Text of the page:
Swedish docker unions clash as ports lock out striking workers
Sweden’s container ports have been crippled by a mass walkout by dockers, following a row over union representation. A spokesperson ...
A two-hour, Europe-wide port stoppage has been called for next week as the International Dockworkers’ Council supports striking Spanish colleagues.
Ports will be affected between 10 am and 12 noon on Thursday 29 June.
“This stoppage has been called for two main reasons: to support the struggle of Spanish dockworkers in their conflict with that nation’s government; and to fight the ultra-liberal model of the European Union that goes against the interests of workers and trade unions,” said the IDC.
Meanwhile, shipping lines have warned customers of more delays to their services, as the Spanish dockworkers announced further strikes.
Multimodal shortsea operator MacAndrews warned its customers of strikes today, June 21, 23, 26, 27, 29 and 30 and July 3, 4, 6 and 7. The strikes will be on alternate hours for 48-hour periods.
The company said: “During the recent period of unrest, MacAndrews vessels have been operating in the port of Bilbao, albeit with delayed operations and extended voyage times, resulting in considerable additional costs.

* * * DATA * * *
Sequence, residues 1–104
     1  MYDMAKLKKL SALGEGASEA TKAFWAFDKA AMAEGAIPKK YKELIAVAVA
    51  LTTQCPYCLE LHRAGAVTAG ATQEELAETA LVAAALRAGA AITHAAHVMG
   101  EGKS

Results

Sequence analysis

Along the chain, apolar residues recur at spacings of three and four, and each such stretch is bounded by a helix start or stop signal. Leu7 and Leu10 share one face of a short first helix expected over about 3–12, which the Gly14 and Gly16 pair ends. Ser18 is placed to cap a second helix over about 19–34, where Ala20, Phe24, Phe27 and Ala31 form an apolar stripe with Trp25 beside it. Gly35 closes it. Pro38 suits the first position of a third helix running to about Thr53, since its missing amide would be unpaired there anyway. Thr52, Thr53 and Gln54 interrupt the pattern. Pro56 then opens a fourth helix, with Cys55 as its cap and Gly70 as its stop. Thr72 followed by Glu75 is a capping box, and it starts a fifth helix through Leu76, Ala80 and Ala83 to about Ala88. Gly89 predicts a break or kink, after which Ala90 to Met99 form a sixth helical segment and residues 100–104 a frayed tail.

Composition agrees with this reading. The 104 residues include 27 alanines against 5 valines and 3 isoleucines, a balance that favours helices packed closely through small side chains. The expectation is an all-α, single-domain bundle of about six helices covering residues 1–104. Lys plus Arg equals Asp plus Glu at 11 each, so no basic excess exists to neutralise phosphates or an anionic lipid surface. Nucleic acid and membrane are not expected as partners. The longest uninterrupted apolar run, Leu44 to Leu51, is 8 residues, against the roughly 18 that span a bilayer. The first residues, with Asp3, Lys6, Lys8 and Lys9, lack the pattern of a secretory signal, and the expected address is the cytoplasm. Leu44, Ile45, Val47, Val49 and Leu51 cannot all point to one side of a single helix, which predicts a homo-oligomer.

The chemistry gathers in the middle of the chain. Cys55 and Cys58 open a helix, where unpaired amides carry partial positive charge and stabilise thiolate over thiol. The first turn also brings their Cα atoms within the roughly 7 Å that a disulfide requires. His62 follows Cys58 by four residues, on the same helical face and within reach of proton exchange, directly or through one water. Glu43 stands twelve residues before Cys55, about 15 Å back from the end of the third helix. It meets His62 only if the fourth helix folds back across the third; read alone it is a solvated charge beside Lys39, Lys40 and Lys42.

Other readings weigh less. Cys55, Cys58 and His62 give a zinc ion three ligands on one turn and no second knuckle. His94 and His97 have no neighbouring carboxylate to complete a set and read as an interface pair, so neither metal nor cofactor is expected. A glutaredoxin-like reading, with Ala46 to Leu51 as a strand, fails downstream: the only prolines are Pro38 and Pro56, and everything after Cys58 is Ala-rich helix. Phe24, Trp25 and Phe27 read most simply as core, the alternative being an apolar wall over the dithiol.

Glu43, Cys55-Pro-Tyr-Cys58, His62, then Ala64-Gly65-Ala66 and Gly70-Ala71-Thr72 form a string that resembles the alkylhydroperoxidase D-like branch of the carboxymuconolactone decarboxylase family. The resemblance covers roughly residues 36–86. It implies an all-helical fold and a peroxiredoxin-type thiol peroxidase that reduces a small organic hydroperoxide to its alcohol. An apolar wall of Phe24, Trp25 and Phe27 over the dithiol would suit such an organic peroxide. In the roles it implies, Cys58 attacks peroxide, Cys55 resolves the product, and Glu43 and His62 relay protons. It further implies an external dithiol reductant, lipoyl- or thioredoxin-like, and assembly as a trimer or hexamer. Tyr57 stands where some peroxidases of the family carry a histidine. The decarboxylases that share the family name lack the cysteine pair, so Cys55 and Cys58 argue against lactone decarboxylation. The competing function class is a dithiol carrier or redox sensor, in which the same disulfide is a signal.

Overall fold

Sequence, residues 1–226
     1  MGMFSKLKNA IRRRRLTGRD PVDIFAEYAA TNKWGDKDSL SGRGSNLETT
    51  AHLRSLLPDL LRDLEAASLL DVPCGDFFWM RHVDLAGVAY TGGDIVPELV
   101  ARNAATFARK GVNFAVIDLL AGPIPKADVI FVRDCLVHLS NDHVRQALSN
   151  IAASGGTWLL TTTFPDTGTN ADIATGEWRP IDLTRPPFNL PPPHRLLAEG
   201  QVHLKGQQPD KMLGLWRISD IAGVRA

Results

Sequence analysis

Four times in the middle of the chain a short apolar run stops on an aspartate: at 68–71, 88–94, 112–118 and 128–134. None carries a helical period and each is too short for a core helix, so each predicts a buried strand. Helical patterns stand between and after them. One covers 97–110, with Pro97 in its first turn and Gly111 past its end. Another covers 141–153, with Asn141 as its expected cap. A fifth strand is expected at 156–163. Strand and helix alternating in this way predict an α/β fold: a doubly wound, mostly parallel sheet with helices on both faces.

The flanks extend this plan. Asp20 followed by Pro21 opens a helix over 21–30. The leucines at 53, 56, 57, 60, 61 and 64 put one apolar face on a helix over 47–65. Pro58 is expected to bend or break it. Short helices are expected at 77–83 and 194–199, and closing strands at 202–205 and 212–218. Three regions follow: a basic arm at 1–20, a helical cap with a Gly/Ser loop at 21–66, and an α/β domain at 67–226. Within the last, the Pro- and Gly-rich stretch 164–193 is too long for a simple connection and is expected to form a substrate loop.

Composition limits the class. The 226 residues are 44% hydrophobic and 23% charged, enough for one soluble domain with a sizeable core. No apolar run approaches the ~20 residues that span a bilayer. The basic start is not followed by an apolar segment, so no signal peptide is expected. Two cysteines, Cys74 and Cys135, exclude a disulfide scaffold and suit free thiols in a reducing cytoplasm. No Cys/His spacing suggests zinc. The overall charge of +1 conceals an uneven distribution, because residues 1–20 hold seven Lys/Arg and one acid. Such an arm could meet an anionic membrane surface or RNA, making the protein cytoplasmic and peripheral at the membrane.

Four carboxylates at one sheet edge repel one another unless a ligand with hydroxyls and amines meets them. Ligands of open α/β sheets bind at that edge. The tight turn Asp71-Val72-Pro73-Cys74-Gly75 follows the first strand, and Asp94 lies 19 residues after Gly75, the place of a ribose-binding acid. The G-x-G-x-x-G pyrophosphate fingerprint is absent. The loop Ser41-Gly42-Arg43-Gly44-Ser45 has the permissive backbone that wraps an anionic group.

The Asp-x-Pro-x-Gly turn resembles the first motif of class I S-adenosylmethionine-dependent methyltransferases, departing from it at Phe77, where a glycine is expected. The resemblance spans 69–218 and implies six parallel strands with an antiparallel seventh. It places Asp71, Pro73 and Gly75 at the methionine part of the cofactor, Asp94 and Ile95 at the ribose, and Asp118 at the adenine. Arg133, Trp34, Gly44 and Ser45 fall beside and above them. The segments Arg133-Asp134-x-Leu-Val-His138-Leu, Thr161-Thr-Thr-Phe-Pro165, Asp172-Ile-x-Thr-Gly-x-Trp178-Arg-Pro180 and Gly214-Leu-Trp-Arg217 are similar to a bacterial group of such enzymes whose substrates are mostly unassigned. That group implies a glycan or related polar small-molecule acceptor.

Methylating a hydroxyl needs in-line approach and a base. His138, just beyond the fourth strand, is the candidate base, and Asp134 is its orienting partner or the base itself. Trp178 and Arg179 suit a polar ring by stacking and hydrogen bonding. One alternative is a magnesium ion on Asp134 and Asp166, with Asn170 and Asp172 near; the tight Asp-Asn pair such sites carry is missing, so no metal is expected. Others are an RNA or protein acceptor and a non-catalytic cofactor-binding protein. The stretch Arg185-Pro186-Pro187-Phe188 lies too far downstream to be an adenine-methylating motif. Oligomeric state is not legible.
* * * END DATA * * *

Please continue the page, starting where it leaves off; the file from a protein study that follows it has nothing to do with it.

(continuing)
“MacAndrews will continue to operate services into and out of Bilbao during this next period of strikes; however, we expect disruption and delays to all services to continue.”
Its vessels are facing delays of between one and five days, it said, adding: ‘We remain hopeful that talks will continue between stevedores, stevedoring companies, associations and government in order to reach agreement before intended strike periods are enforced.”
The strike has so far cost the Spanish economy €110m, according to the government, as business is diverted elsewhere.
The IDC, which will meet with the Federation of European Private Port Operators and Terminals (FEPORT) this month, is arguing for equal rights for all dockworkers across Europe, as well as job security.
It said it was proposing: “Equal treatment for all dockworkers, that is, equal pay for equal work; the negotiation of collective agreements for all dockworkers; the creation of “humanised” terminals that favour job creation and development; ratification and compliance with International Labour Organization Conventions 137 and 152 by all European Union member states; and the implementation of social policies that favour workers, free from the pressure exerted by large corporations and lobbies.”
It added that it was also devising a strategy to support dockworkers at the port of Gothenburg.